(PS) Pasechnik v. Wells Fargo Bank, N.A. et al Doc. 14 1 2 3 4 5 6 7 8 9 10 11 12 13 14 15 16 17 18 19 20 21 22 23 24 25 26 Defense counsel Kirk was advertently disconnected from the court's telephonic appearance system and defense counsel Christopherson offered to make a special appearance for him. After the hearing, the courtroom deputy contacted Mr. Kirk to ascertain whether he objected to submission of the matter. No objection has been lodged. 1 Dockets.Justia.com 1 IN THE UNITED STATES DISTRICT COURT FOR THE EASTERN DISTRICT OF CALIFORNIA YURIY PASECHNIK, Plaintiff, vs. WELLS FARGO BANK, N.A., et al., Defendants. / Defendants' motions to dismiss came on regularly for hearing on September 15, 2010. Plaintiff did not appear. Jeffrey Kirk appeared telephonically for defendant First American Loan Star.1 Dean Christopherson appeared for the Wells Fargo defendants. Upon review of the documents in support, no opposition having been filed, and good cause appearing, THE COURT FINDS AS FOLLOWS: Plaintiff filed this action in state court; it was removed to this court on May 10, 2010. On May 14, 2010, defendants filed two motions to dismiss, to which plaintiff did not timely respond. By order filed July 29, 2010, plaintiff was given additional time in which to file FINDINGS AND RECOMMENDATIONS No. CIV S-10-1144 MCE KJM PS 1 2 3 4 5 6 7 8 9 10 11 12 13 14 15 16 17 18 19 20 21 22 23 24 25 26 opposition to defendants' motions and was cautioned that failure to file opposition would be deemed as a statement of non-opposition. Plaintiff still has not filed an opposition and failed to appear at the hearing on the motion. The Federal Rules of Civil Procedure provide for dismissal of actions based on lack of prosecution. Fed. R. Civ. P. 41(b). Pro se litigants are bound by the rules of procedure, even though pleadings are liberally construed in their favor. King v. Atiyeh, 814 F.2d 565, 567 (9th Cir. 1987). In determining whether to dismiss for lack of prosecution, generally the court considers (1) the public's interest in expeditious resolution of litigation, (2) the court's need to manage its docket, (3) the risk of prejudice to the defendants, (4) the public policy favoring disposition of cases on their merits, and (5) the availability of less drastic sanctions. See, e.g., Al-Torki v. Kaempen, 78 F.3d 1381, 1384 (9th Cir. 1996). The court may dismiss a case sua sponte for lack of prosecution by the plaintiff. Hamilton Copper & Steel Corp. v. Primary Steel, Inc., 898 F.2d 1428 (9th Cir. 1990). Sua sponte dismissal requires a "close focus" on consideration of "less drastic alternatives" and whether or not there has been a "warning of imminent dismissal of the case." Oliva v. Sullivan, 958 F.2d 272, 274 (9th Cir. 1992). In determining that this action will be dismissed, the court has considered all the factors set forth in Al-Torki. The first two factors on their face favor the imposition of sanctions in this case brought by plaintiff, which has been proceeding forward since its removal from state court more than four months ago.2 Compare Wanderer v. Johnston, 910 F.2d 652, 656 (9th Cir. 1990). Regarding the third factor, defendants already have briefed their motions to dismiss, and would be prejudiced by the need for further litigation of this matter despite plaintiff's nonresponsiveness. Moreover, delay itself generally is prejudicial--witnesses' memories fade and evidence becomes stale or undiscoverable. While the fourth factor favors resolution on the merits, in this case plaintiff has declined to oppose the motion to dismiss and thus has precluded 2 Plaintiff filed the action originally in state court on April 5, 2010. 2 1 2 3 4 5 6 7 8 9 10 11 12 13 14 15 16 17 18 19 20 21 22 23 24 25 the court's evaluation of the potential merits of such an opposition. Under these circumstances, the fourth factor is outweighed by the others. Focusing on the fifth Al-Torki factor and warning regarding imminent dismissal, as required by Oliva, the court in its order of July 29, 2010 has advised plaintiff that this action is subject to dismissal, directed plaintiff to file opposition, and granted ample additional time to oppose the pending motion after plaintiff failed to timely oppose defendants' motions to dismiss, all to no avail. From plaintiff's failure to respond to the most recent order and failure to appear at the hearing on the motion to dismiss, the court finds that plaintiff has abandoned this litigation. The court therefore concludes there is no suitable alternative less drastic sanction to dismissal. Accordingly, IT IS HEREBY RECOMMENDED that this action be dismissed with prejudice. These findings and recommendations are submitted to the United States District Judge assigned to the case, pursuant to the provisions of Title 28 U.S.C. 636(b)(l). Within fourteen days after being served with these findings and recommendations, any party may file written objections with the court and serve a copy on all parties. Such a document should be captioned "Objections to Magistrate Judge's Findings and Recommendations." Any reply to the objections shall be served and filed within seven days after service of the objections. The parties are advised that failure to file objections within the specified time may waive the right to appeal the District Court's order. Martinez v. Ylst, 951 F.2d 1153 (9th Cir. 1991). DATED: September 24, 2010. 006 26 pasechnik.57 3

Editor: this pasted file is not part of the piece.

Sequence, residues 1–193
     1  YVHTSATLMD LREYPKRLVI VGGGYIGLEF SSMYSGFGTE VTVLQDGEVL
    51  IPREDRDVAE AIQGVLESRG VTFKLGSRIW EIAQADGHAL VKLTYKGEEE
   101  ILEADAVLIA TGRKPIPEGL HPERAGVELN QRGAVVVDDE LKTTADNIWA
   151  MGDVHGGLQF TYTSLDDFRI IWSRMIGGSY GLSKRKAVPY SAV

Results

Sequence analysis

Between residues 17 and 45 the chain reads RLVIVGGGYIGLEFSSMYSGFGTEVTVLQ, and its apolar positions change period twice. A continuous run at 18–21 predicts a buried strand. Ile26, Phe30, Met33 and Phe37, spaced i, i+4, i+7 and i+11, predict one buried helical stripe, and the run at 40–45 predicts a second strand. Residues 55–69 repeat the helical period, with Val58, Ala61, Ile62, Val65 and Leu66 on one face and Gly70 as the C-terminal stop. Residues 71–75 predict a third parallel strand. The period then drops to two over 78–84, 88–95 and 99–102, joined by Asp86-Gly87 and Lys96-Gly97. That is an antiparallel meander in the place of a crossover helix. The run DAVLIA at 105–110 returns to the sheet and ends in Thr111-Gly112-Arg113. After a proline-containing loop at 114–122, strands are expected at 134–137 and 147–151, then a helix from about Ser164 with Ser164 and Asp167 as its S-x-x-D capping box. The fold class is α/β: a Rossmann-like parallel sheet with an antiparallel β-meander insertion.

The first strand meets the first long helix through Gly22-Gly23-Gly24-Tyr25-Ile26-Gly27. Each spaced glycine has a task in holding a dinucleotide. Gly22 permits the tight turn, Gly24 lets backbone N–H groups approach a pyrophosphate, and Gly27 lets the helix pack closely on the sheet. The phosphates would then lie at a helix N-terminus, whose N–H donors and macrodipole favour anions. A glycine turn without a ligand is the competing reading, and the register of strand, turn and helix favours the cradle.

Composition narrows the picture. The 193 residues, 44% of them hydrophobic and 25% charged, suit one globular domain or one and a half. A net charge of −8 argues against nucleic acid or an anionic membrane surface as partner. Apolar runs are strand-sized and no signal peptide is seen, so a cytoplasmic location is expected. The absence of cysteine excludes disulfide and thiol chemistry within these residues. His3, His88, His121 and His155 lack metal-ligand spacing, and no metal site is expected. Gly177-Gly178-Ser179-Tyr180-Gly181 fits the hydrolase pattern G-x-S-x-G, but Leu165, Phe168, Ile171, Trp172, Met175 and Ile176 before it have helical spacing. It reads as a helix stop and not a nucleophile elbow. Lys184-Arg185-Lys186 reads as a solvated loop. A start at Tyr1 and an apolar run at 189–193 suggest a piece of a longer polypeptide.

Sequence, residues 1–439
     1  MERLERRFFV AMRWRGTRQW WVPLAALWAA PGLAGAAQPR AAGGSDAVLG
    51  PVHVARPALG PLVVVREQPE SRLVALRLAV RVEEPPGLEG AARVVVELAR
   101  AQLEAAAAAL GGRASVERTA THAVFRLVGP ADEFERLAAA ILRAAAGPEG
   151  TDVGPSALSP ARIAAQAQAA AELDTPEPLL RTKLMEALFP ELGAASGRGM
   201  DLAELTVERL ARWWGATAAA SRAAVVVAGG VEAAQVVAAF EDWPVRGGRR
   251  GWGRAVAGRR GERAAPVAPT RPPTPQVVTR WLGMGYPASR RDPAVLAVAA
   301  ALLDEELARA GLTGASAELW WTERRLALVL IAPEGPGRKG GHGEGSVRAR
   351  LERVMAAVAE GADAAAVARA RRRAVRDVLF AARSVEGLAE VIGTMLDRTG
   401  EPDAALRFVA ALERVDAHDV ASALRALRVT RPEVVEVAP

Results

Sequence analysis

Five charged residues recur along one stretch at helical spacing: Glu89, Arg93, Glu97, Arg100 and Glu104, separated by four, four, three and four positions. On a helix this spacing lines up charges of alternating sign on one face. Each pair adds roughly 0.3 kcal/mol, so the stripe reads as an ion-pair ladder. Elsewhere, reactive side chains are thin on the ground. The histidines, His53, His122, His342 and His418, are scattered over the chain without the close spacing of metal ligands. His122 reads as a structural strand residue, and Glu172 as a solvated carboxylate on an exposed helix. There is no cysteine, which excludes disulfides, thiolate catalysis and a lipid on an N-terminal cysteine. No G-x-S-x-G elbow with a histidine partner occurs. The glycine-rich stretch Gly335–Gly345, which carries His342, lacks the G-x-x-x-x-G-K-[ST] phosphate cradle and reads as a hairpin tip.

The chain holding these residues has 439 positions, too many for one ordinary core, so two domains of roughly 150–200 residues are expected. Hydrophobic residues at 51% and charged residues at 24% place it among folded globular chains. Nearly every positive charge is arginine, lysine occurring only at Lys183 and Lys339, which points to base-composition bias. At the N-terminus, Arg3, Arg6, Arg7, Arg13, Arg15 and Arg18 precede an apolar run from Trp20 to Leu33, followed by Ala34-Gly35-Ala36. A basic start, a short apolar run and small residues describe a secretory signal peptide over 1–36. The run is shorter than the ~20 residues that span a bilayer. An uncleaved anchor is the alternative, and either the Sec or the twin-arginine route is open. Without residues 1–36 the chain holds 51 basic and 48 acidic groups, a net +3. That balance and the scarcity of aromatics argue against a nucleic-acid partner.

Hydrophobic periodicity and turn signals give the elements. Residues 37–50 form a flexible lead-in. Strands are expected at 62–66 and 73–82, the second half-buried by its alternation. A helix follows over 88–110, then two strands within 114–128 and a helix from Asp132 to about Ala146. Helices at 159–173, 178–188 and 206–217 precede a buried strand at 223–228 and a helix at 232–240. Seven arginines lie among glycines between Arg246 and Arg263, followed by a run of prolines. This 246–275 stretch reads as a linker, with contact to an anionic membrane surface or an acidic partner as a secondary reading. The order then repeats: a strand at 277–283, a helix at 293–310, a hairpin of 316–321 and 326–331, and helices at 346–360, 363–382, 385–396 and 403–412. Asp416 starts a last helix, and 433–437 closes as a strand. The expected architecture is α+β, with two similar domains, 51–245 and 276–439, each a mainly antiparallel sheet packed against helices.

Disclaimer: Justia Dockets & Filings provides public litigation records from the federal appellate and district courts. These filings and docket sheets should not be considered findings of fact or liability, nor do they necessarily reflect the view of Justia.


Why Is My Information Online?